By Mark Rogers

Taxation in the modern state is an attack on wealth and its creation.

Which is illogical, because without wealth creation there can be no tax base.

The Welfare State was founded, and is foundering, on conundrums such as these. So perhaps it is not surprising to see a Tory Chancellor of the Exchequer engaging in what amounts to left-wing style class warfare.

George Osborne has just announced that he is “going after the wealthy tax dodgers”. As reported in The Daily Telegraph, Tuesday 10th April, he has been examining “anonymised” tax returns furnished by HM Revenue and Customs which show the completely legal measures that some very rich people have been using to reduce their tax bills, through what the Chancellor and the Revenue are pleased to call “loopholes”.

If the measures are legal, how can those who use them be called “dodgers”? (And see here for another example of the Revenue being rude.)

Osborne has cleverly turned the issue into a moral one and in doing so has introduced a novel legal concept on the hoof. These schemes of tax avoidance have been dubbed “aggressive” avoidance, as if by hurling an adjective about what is legal is suddenly rendered “un”-legal.

Now one of these legal “loopholes” is offsetting tax liabilities by making donations to charity, which in the nature of things would be large ones for the offset to work. Closing this “loophole” is therefore going to deprive flourishing charitable organisations of substantial and necessary sums.

And it is to be observed that such charities find more efficient and targeted ways of spending the money they receive through such donations. Can the government be expected, can the government even promise, to spend the money that it thus intends to steal as efficiently? Of course not.

One obvious practical problem that also looms is that many of these allegedly “aggressive avoiders” are foreigners, who settled here because of the way the tax rules had already been drawn up: they run businesses, they spend – in other words, they are already “contributors” in various ways to the economic life of the country. If the rules that encouraged them to settle here are changed, then they will simply leave, or if they stay, the taxes imposed on them will dry up certain expenditures, which will amount to much the same as if they had departed.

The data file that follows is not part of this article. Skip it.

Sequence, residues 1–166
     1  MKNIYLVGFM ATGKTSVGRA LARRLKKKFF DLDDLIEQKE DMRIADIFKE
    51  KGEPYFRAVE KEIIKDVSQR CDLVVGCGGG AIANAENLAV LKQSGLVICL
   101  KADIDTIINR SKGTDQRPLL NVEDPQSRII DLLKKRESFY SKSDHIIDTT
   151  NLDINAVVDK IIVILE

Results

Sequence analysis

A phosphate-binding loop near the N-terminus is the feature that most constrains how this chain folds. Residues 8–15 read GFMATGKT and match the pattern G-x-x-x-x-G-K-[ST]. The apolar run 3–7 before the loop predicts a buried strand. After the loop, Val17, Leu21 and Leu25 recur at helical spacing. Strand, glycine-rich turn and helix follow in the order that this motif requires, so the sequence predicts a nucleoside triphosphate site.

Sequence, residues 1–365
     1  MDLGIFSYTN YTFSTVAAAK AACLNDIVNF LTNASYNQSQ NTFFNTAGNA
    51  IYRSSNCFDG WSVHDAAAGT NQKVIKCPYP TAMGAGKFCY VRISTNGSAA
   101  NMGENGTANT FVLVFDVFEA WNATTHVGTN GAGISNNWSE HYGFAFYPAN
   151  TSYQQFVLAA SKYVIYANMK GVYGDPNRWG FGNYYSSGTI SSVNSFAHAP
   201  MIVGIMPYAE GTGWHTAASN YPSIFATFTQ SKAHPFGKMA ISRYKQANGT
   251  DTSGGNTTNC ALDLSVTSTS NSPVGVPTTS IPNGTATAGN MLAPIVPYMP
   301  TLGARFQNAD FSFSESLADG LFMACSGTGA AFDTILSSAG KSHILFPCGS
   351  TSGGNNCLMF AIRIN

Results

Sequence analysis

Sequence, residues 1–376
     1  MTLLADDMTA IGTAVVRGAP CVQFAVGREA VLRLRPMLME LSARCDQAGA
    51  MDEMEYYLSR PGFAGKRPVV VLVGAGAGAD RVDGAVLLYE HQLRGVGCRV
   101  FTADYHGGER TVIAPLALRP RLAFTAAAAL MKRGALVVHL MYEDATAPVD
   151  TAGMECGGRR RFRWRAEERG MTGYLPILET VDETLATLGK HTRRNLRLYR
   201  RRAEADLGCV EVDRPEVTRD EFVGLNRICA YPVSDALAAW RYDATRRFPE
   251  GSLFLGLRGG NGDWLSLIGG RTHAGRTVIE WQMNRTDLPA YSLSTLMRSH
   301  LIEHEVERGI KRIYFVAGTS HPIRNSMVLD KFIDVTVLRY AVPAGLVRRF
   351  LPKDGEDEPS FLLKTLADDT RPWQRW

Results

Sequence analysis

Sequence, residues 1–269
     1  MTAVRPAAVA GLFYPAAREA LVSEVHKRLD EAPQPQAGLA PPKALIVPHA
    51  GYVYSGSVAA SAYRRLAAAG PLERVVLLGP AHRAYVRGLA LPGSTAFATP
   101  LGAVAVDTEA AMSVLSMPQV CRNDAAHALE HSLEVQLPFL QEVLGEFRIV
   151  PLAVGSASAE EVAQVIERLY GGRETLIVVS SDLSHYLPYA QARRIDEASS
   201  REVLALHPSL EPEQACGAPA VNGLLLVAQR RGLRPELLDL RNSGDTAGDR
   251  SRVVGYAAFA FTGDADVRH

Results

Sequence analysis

So the plans to deal with people who have done nothing illegal will have the opposite effect: less wealth creation, less voluntary “distribution” through getting and spending of that created wealth through the rest of the economy and more government waste – of human resources as well as cash…

Once upon a time, these things were done so differently: here is the opening paragraph of A. J. P. Taylor’s volume in the Oxford History of England, “English History 1914-1915”:

Until August 1914 a sensible, law-abiding Englishman could pass through life and hardly notice the existence of the state, beyond the post office and the policeman. He could live where he liked and as he liked. He had no official number or identity card. He could travel abroad or leave his country for ever without a passport or any sort of official permission. He could exchange his money for any other currency without any restriction or limit. He could buy goods from any country in the world on the same terms as he bought goods at home. For that matter, a foreigner could spend his life in this country without permit and without informing the police. Unlike the countries of the European continent, the state did not require its citizens to perform military service. An Englishman could enlist, if he chose, in the regular army, the navy, or the territorials. He could also ignore, if he chose, the demands of national defence. Substantial householders were occasionally called on for jury service. Otherwise, only those helped the state who wished to do so. The Englishman paid taxes on a modest scale: nearly £200 million in 1913-1914, or rather less than 8 per cent. of national income.

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